The number of new listings coming onto the market has plunged since June 2022, according to data released Thursday by Redfin. Transaction levels remain low even as home prices creep higher.
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Home prices are creeping back up near where they were this time last year, and it’s about more than a drop in housing demand.
The number of new listings coming onto the market has plummeted 27 percent since June of last year — the greatest annual drop in any month since the start of the pandemic, according to the latest housing market report from Redfin. And while buyers have been withdrawing from the market as well, the number of pending home sales has declined by a comparatively moderate 15 percent.
This has resulted in a housing market where inventory remains constrained. The total number of homes for sale at any given time is 11 percent lower today than it was this time last year, Redfin found. And it’s begun to arrest the home-price declines from late last year nationwide.
The median U.S. home-sale price was $383,000 in June, down only 0.9 percent year over year, according to Redfin. That’s the lowest annual price decline in nearly four months.
“Buyers should keep in mind that desirable homes are getting multiple offers and selling above asking price,” Redfin Premier agent Andrea Chopp, who is based in the Oakland area, said in the report. “And sellers should know that their home may not attract as much competition as their neighbor’s home did two years ago, but it will sell if they price it fairly and put effort into marketing.”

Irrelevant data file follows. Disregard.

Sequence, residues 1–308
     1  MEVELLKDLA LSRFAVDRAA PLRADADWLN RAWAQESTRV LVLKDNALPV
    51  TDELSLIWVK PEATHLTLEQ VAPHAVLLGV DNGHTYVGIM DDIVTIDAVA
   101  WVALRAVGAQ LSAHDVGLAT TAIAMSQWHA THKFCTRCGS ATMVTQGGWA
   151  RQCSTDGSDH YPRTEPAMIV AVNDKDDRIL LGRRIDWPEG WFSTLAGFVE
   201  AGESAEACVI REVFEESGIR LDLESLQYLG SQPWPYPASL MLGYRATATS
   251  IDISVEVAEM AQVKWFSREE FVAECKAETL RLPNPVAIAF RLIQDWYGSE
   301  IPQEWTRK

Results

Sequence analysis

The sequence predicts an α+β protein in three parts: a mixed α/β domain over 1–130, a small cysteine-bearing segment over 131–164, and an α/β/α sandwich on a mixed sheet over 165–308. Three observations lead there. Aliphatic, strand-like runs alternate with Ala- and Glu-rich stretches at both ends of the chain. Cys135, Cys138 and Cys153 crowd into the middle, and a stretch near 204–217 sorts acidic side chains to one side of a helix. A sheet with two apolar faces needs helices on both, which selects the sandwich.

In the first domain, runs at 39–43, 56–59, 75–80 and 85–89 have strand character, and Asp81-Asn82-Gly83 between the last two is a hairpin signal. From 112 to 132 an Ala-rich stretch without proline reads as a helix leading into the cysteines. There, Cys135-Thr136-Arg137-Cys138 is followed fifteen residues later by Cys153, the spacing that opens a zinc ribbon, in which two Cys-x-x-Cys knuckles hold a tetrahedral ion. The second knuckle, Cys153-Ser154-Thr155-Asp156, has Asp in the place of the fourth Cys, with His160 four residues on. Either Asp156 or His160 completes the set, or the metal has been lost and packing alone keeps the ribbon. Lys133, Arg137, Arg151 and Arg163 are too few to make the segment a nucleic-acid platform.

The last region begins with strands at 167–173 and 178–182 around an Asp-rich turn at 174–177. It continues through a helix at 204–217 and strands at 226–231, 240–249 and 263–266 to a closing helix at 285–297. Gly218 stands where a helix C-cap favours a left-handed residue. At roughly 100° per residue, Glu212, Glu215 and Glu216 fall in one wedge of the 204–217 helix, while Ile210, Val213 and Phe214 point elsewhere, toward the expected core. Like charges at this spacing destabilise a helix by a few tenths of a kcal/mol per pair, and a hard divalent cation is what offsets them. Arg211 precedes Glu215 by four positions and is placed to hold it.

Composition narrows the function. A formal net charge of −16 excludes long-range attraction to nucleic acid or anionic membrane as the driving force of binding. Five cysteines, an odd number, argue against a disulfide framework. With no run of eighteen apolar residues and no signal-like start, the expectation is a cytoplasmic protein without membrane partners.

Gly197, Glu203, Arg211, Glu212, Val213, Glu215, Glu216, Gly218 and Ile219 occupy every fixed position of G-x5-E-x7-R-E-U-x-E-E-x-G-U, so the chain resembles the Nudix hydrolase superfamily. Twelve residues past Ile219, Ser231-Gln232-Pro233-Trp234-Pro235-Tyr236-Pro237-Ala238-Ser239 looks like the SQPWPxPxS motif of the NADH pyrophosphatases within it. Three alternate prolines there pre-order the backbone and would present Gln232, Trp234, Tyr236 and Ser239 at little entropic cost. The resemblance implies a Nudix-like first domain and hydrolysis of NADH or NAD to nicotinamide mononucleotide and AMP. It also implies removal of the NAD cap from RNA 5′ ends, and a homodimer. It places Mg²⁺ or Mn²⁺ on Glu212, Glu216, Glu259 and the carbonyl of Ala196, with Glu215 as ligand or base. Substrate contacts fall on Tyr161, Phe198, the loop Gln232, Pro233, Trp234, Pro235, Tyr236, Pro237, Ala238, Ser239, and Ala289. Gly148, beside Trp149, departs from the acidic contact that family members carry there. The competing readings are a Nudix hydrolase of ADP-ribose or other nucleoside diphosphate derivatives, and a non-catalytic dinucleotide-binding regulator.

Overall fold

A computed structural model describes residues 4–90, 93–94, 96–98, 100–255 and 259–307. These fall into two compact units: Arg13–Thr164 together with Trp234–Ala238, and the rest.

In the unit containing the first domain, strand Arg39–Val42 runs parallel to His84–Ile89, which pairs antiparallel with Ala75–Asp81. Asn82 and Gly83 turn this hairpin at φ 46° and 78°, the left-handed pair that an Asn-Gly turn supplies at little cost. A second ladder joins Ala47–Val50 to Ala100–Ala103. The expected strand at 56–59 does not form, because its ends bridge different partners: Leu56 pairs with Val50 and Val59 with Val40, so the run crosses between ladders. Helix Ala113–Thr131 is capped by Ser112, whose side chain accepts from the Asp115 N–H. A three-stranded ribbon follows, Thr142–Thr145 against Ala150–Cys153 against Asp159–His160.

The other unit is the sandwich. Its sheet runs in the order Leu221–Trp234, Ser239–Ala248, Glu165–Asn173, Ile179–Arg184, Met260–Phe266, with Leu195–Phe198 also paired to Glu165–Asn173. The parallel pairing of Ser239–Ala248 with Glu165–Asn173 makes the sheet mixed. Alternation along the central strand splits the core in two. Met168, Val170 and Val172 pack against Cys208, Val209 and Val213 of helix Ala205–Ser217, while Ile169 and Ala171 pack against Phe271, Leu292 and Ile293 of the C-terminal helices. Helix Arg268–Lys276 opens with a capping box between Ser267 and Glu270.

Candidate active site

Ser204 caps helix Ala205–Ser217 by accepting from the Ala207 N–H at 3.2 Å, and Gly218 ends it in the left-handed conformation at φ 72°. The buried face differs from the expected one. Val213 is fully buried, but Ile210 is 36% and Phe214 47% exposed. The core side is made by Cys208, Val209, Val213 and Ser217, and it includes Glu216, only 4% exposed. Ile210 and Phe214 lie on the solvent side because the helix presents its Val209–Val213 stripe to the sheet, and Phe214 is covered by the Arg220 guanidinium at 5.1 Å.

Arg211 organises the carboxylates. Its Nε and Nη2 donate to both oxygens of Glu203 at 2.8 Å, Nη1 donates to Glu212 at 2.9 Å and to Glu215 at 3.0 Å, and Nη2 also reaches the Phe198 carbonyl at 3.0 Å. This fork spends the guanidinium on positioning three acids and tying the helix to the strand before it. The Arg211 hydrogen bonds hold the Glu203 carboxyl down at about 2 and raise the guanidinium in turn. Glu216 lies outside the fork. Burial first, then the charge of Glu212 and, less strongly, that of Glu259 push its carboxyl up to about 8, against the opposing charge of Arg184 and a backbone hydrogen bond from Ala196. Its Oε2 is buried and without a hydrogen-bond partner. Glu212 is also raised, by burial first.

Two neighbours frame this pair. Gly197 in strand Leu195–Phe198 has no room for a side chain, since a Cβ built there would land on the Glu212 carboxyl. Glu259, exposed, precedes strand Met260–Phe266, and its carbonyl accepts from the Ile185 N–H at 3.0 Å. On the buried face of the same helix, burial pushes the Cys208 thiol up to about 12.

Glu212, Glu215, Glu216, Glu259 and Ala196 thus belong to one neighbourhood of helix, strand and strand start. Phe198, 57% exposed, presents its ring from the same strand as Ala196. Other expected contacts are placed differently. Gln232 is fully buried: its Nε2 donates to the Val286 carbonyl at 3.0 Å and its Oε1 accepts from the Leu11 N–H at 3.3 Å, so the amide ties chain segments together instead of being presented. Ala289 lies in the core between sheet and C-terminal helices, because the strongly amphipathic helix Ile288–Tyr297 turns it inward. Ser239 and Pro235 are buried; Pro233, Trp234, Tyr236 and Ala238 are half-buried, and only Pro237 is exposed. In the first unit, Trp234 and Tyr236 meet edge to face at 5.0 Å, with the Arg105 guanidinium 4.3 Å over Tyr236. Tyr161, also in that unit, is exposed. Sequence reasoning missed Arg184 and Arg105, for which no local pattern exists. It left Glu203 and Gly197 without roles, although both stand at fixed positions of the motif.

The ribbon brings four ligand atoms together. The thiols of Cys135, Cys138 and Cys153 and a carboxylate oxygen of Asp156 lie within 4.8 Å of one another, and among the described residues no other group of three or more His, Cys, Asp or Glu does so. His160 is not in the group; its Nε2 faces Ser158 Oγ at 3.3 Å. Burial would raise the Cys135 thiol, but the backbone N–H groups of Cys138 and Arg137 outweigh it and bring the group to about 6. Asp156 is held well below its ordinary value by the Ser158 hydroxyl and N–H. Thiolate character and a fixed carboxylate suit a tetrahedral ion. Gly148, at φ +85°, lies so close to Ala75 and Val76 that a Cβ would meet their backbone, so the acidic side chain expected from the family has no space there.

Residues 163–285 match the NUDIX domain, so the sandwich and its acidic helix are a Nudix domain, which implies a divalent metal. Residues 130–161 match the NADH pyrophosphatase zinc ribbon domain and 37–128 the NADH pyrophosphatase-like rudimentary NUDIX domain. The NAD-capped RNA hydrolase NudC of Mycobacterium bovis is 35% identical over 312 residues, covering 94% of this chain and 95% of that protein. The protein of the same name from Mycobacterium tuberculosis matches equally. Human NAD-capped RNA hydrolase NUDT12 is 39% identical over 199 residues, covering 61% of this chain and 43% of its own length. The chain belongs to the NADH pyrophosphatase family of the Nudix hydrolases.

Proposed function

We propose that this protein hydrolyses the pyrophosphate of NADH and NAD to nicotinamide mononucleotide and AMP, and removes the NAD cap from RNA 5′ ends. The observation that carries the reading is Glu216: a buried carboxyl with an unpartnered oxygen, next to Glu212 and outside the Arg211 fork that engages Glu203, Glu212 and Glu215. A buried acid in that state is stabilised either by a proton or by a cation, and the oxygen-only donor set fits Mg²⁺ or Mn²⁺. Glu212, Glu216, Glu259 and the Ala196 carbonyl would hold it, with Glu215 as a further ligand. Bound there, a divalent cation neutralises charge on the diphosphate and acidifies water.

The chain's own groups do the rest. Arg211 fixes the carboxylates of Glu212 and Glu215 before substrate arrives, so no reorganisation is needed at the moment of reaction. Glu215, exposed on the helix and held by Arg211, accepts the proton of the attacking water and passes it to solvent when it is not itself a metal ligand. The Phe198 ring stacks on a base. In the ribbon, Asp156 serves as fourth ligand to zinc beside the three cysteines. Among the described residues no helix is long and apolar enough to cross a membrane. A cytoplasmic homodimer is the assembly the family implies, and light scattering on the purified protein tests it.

Redfin also found signs that buyer interest is beginning to return. The company reports that interest from buyers in its home tours and agent services in recent weeks reached its second-highest level since May 2022. Buyer interest in these services was up 10 percent from a year ago.
But the dearth of new listings continues to be the constraint holding back the home-transaction market. And in some parts of the country, the number of willing new sellers over the past year has been nearly slashed in half.
New listings were down in every metro that Redfin analyzed. But most severe were the declines in Las Vegas and Phoenix, where new listings careened downward more than 43 percent since this time last year.
The drop in newly listed homes for sale was stark in cities across the West Coast, with Seattle and the California metros of Oakland and Riverside all seeing at least 37 percent fewer new listings than they did a year ago.
And across the country, the vast majority of metros remained mired in a deep seller’s market — where buyers find themselves in competition for few listings.
The number of months supply was 2.6 nationwide in June. That’s significantly below the 4 to 6 months of supply typically considered to signal a balanced dynamic between buyers and sellers. A supply of homes higher than 6 months is typically thought to favor buyers.